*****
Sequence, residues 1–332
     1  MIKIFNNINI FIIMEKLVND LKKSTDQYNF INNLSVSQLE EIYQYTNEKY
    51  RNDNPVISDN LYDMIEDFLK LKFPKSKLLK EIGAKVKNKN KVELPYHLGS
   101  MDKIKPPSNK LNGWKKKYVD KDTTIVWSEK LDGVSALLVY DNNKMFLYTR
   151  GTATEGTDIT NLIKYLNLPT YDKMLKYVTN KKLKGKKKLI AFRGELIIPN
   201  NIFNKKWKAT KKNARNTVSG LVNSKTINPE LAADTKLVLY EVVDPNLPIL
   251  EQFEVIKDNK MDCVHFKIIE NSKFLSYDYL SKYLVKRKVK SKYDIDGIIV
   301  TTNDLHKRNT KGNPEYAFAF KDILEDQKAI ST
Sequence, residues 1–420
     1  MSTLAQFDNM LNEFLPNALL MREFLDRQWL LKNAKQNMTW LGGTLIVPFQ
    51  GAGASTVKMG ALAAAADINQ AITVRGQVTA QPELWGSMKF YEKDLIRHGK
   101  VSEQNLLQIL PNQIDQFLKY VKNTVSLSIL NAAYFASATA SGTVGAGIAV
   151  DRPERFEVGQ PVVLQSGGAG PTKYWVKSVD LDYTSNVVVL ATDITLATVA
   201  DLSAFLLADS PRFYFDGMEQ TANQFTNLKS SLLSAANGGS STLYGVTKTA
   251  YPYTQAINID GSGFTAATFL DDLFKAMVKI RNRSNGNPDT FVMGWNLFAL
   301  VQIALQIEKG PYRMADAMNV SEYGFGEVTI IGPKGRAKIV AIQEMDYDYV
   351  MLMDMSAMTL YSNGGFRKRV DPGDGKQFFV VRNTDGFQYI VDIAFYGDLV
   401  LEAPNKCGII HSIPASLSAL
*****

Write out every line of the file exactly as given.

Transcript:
Sequence, residues 1–332
     1  MIKIFNNINI FIIMEKLVND LKKSTDQYNF INNLSVSQLE EIYQYTNEKY
    51  RNDNPVISDN LYDMIEDFLK LKFPKSKLLK EIGAKVKNKN KVELPYHLGS
   101  MDKIKPPSNK LNGWKKKYVD KDTTIVWSEK LDGVSALLVY DNNKMFLYTR
   151  GTATEGTDIT NLIKYLNLPT YDKMLKYVTN KKLKGKKKLI AFRGELIIPN
   201  NIFNKKWKAT KKNARNTVSG LVNSKTINPE LAADTKLVLY EVVDPNLPIL
   251  EQFEVIKDNK MDCVHFKIIE NSKFLSYDYL SKYLVKRKVK SKYDIDGIIV
   301  TTNDLHKRNT KGNPEYAFAF KDILEDQKAI ST
Sequence, residues 1–420
     1  MSTLAQFDNM LNEFLPNALL MREFLDRQWL LKNAKQNMTW LGGTLIVPFQ
    51  GAGASTVKMG ALAAAADINQ AITVRGQVTA QPELWGSMKF YEKDLIRHGK
   101  VSEQNLLQIL PNQIDQFLKY VKNTVSLSIL NAAYFASATA SGTVGAGIAV
   151  DRPERFEVGQ PVVLQSGGAG PTKYWVKSVD LDYTSNVVVL ATDITLATVA
   201  DLSAFLLADS PRFYFDGMEQ TANQFTNLKS SLLSAANGGS STLYGVTKTA
   251  YPYTQAINID GSGFTAATFL DDLFKAMVKI RNRSNGNPDT FVMGWNLFAL
   301  VQIALQIEKG PYRMADAMNV SEYGFGEVTI IGPKGRAKIV AIQEMDYDYV
   351  MLMDMSAMTL YSNGGFRKRV DPGDGKQFFV VRNTDGFQYI VDIAFYGDLV
   401  LEAPNKCGII HSIPASLSAL